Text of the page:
Back in 1985, near the border between Argentina and Chile, mountaineers stumbled on a frozen body partially buried on Aconcagua, the world’s tallest peak outside of Asia. The boy, 6 or 7 years old, had been wrapped in cloth and buried surrounded by a number of small statues; he is believed to have been sacrificed in a ritual ceremony some five centuries ago by members of the Inca civilization. Recently, when Spanish researchers extracted and analyzed the boy’s DNA, they found he had a rare genetic code that has virtually disappeared from the population of modern South America.

At the time Spanish conquistadores arrived in 1532, the Inca Empire stretched along the South American coast from Ecuador to south-central Chile. According to Spanish chronicles, the Inca religion included the practice of capacocha, in which some of the healthiest and most beautiful young members of the population were chosen to become sacrifices to the gods. In many cases, these children were taken to high mountain peaks, considered to be closer to the realm of the gods. Once there, they were either killed or simply left to die of exposure.

In a new study, published last week in the journal Scientific Reports, a team of researchers explains that capacocha rituals “were performed during or after important events (death of an emperor, the birth of a royal son, a victory in battle or an annual or biennial event in the Inca calendar), or in response to catastrophes (earthquakes, volcanic eruptions and epidemics).” Their study focuses on one of these sacrificed children: a 6- or 7-year-old boy whose frozen, naturally mummified body was found high in the Andes in 1985.

Mummified remains of the boy. (Credit: Scientific Reports/University of Coyo/Gomez-Carballa et al)

After Spanish geneticists extracted mitochondrial DNA (which is passed from mother to child) from a small portion of the boy’s lung, they compared his genetic information with hundreds of thousands of samples held in a genetic database. They found only four matches: one individual of the ancient Wari Empire, dominant in the Andes from A.D. 500 to 1100, before the Inca heyday, and three modern-day people living in Peru and Bolivia. The Inca boy’s DNA identified him as part of a previously unknown offshoot of an ancient Native American lineage, which was one of the first to emerge among the humans who crossed the Bering Strait and spread into North and South America some 18,000 years ago.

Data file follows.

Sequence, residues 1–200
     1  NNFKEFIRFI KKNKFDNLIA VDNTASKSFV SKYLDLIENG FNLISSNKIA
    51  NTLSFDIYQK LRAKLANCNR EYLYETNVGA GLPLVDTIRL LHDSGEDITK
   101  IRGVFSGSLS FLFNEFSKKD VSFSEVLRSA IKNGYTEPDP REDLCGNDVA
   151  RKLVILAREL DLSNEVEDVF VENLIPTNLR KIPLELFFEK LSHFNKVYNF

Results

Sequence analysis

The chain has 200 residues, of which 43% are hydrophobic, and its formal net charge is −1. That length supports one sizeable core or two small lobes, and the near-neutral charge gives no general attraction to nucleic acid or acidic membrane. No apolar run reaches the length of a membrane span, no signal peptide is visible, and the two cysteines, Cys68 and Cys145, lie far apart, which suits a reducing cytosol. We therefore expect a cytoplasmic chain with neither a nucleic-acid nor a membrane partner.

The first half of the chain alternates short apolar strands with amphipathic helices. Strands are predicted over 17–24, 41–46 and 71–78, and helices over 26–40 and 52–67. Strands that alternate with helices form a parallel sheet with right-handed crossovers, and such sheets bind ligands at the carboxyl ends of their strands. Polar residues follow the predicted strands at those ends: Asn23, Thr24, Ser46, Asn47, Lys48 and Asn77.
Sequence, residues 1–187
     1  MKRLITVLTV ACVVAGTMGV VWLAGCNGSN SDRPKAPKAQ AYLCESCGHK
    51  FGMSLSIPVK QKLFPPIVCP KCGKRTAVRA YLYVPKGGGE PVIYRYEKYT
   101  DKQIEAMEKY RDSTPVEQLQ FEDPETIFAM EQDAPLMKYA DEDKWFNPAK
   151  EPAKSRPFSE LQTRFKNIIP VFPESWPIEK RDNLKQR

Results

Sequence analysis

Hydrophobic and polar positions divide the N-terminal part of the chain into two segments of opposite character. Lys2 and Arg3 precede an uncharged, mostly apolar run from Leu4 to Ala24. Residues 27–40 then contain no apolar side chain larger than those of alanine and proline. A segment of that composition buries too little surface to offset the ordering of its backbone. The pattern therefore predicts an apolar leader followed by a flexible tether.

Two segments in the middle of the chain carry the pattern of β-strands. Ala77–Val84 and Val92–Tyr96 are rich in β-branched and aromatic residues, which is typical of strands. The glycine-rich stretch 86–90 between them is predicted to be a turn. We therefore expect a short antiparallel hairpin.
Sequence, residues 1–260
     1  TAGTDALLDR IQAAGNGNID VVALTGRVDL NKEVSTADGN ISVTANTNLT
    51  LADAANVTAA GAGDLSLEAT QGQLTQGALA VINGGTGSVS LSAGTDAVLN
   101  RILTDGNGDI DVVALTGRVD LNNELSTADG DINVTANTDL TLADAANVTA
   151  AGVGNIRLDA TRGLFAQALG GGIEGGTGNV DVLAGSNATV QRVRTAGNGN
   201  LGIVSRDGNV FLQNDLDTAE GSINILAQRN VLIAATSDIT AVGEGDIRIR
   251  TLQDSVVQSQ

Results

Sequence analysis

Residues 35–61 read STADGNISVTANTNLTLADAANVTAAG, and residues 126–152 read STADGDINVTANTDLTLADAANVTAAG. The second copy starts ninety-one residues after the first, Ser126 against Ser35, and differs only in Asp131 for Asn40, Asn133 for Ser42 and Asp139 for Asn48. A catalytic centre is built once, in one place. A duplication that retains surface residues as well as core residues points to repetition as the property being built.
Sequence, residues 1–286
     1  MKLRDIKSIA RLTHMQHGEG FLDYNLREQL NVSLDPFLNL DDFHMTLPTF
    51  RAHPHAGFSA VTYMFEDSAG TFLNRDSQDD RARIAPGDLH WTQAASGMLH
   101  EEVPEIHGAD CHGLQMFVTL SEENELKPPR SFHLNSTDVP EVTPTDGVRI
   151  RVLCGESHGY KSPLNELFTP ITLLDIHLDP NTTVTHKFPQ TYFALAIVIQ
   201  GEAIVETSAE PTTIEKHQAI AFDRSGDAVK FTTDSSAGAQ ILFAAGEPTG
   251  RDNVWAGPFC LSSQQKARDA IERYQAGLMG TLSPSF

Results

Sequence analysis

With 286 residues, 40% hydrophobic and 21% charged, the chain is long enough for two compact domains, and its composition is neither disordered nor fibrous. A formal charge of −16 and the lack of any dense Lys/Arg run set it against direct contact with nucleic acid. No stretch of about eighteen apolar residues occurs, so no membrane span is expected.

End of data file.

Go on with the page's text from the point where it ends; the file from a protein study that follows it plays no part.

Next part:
Though the boy’s genetic profile is extremely rare today, the researchers say it was likely more common at the time of the Incas. As much as 90 percent of the native South American population perished after the Spanish conquest, mostly from epidemics of influenza and other diseases brought from the Old World; it makes sense that a great deal of genetic diversity would have been lost as well. As lead researcher Antonio Salas, a geneticist at University of Santiago de Compostela, told BBC News: “It is well-known that the effective population size was severely reduced at the arrival of the Spanish conquerors….An important amount of the variability of these populations could have disappeared at the time of this contact.”

The new study is the first to analyze the complete mitochondrial DNA of an Inca mummy. Salas now plans to sequence the boy’s complete nuclear genome, as well as the DNA of microbes found in his gut. According to him, the boy’s mummified body is extremely valuable for research purposes due to its well-preserved condition, as well as its “unique anthropological characteristics.”

In addition to the most recent DNA information, the Inca boy’s body has also yielded gruesome insight into the practice of child sacrifice among the Inca. Archaeologists found that he was strangled and died from a blow to the head. They also found evidence that he consumed achiote, a dye that can act as a hallucinogen, before his death. Similarly, a 2013 study of three other frozen mummies found in Argentina revealed that alcohol and drugs played a role in such child sacrifices. The strikingly well-preserved bodies of a 13-year-old girl and two younger children, a boy and a girl both 4 or 5 years old, were found buried in 1999 in a shrine near the summit of the Llullaillaco volcano. When an international team of researchers analyzed the chemicals found in the children’s hair, they found that all three had consumed alcohol and coca leaves (from which cocaine is extracted) in the months before their deaths.